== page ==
I’m not a sports fan. In fact, athletic events bore me to tears. But last night my wife rented “Coach Carter” starring Samuel Jackson, and I have to admit it’s a pretty good flick. It’s based on the real-life story of an inner city basketball coach who insisted that grades and character come before athletics. Carter made national headlines when, after a streak of winning games, he locked his team out of the gym and refused to let them practice or play until they brought their grades up.
What really surprised me was the reaction of the parents and community to Carter’s decision. They didn’t seem to care if the kids were failing math, but they were furious when they weren’t allowed to play ball. Apparantly the mindset is, “The odds are stacked so high against my kid that he has no chance for a future, so it’s cruel to even get his hopes up. At least let him enjoy some basketball before he drops out and winds up in prison.” No wonder the inner city is so messed up. It’s a mindset of total hopelessness.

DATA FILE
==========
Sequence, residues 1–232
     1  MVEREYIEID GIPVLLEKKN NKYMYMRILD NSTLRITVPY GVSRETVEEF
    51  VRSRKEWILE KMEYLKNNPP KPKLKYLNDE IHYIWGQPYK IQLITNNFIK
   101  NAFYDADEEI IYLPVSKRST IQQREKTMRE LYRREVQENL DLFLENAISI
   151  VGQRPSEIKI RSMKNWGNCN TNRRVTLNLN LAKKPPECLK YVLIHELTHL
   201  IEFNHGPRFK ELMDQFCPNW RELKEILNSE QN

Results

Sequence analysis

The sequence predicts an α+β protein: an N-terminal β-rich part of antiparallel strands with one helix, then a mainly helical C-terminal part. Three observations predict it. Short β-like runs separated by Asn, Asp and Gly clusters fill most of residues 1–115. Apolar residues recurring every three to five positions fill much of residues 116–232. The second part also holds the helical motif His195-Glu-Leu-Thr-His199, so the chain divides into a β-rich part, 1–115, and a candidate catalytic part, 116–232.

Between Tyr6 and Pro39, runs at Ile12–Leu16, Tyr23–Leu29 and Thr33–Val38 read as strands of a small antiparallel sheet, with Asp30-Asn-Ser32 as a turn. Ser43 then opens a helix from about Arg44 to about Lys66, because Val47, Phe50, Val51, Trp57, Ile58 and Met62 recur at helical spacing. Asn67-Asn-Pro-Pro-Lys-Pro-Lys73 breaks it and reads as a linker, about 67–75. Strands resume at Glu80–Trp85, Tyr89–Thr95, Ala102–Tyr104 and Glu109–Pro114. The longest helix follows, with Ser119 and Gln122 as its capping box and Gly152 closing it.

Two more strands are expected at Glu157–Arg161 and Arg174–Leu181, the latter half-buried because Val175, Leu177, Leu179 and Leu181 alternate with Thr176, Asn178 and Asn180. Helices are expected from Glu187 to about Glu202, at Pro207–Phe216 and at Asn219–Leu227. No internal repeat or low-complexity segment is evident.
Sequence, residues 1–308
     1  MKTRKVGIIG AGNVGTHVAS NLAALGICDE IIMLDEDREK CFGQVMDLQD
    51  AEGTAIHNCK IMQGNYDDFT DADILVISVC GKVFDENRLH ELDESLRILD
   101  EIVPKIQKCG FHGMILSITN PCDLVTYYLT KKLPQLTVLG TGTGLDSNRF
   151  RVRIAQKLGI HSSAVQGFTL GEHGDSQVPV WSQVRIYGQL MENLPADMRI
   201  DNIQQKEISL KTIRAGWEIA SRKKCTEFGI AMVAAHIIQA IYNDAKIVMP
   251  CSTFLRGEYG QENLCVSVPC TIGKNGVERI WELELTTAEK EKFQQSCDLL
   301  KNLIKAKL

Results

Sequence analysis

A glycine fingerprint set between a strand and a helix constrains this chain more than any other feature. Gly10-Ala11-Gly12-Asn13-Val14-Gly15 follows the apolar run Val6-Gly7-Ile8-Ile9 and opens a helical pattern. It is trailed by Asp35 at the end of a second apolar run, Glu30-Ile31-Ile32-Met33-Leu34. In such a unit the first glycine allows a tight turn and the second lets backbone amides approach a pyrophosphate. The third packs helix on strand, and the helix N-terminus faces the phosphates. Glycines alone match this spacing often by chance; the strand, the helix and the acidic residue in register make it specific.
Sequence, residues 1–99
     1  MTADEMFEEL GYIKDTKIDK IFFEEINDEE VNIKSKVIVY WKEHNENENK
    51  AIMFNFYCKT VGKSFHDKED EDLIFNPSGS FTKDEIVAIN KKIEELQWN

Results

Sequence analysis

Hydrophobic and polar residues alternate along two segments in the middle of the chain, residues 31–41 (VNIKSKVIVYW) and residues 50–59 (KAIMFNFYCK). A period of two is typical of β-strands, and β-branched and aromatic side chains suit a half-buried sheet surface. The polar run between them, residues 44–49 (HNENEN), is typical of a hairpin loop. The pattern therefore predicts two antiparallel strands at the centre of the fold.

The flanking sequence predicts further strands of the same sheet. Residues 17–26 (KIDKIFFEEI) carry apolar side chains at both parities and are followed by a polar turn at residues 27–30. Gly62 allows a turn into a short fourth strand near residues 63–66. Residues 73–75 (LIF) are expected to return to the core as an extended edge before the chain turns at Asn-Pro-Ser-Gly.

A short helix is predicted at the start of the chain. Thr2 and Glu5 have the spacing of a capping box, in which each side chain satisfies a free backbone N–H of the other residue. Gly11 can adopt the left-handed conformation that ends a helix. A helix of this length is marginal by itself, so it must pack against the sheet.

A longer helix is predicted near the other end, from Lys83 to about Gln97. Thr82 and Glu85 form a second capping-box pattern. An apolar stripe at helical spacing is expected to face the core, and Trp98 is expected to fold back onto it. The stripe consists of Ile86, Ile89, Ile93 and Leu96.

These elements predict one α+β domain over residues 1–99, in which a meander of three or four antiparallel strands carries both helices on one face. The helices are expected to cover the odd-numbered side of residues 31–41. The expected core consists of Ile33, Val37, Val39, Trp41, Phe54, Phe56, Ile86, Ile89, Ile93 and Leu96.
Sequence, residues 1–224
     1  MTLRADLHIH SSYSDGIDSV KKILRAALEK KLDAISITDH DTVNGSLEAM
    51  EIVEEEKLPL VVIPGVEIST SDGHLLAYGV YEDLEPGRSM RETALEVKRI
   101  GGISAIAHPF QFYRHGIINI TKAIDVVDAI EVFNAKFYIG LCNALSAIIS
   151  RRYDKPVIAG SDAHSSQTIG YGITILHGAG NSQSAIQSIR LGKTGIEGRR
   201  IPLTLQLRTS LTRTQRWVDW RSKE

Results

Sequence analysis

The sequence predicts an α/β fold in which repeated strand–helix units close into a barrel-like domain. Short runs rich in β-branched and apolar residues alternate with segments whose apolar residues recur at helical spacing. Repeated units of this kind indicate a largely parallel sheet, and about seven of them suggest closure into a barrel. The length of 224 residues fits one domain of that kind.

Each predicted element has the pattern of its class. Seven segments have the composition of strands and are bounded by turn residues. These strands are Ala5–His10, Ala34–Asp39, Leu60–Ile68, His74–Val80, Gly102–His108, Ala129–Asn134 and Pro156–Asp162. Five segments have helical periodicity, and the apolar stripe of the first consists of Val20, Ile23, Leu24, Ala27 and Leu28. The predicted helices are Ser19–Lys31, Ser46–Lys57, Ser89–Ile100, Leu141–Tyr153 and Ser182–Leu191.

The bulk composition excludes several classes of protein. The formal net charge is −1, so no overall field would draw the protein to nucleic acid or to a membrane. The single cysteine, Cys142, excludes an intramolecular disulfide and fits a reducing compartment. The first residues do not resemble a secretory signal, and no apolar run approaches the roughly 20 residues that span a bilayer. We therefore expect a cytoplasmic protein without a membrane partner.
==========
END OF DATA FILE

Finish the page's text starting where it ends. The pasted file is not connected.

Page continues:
There were a lot of good messages in this movie. Tough love and discipline can push kids farther than they think they can go. Anyone can have self-respect, but they have to earn it. Our decisions shape who we become. But most of all, the film made me thankful for all the opportunities, encouragement, and positive role models I was blessed with as I struggled through my teen years. Otherwise, who knows where I’d be today?